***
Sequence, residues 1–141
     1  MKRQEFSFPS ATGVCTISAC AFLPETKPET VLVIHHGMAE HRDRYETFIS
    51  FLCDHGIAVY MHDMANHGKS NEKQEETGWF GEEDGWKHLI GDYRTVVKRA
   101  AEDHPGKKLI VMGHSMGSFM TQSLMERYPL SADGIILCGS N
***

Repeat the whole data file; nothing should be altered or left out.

Sequence, residues 1–141
     1  MKRQEFSFPS ATGVCTISAC AFLPETKPET VLVIHHGMAE HRDRYETFIS
    51  FLCDHGIAVY MHDMANHGKS NEKQEETGWF GEEDGWKHLI GDYRTVVKRA
   101  AEDHPGKKLI VMGHSMGSFM TQSLMERYPL SADGIILCGS N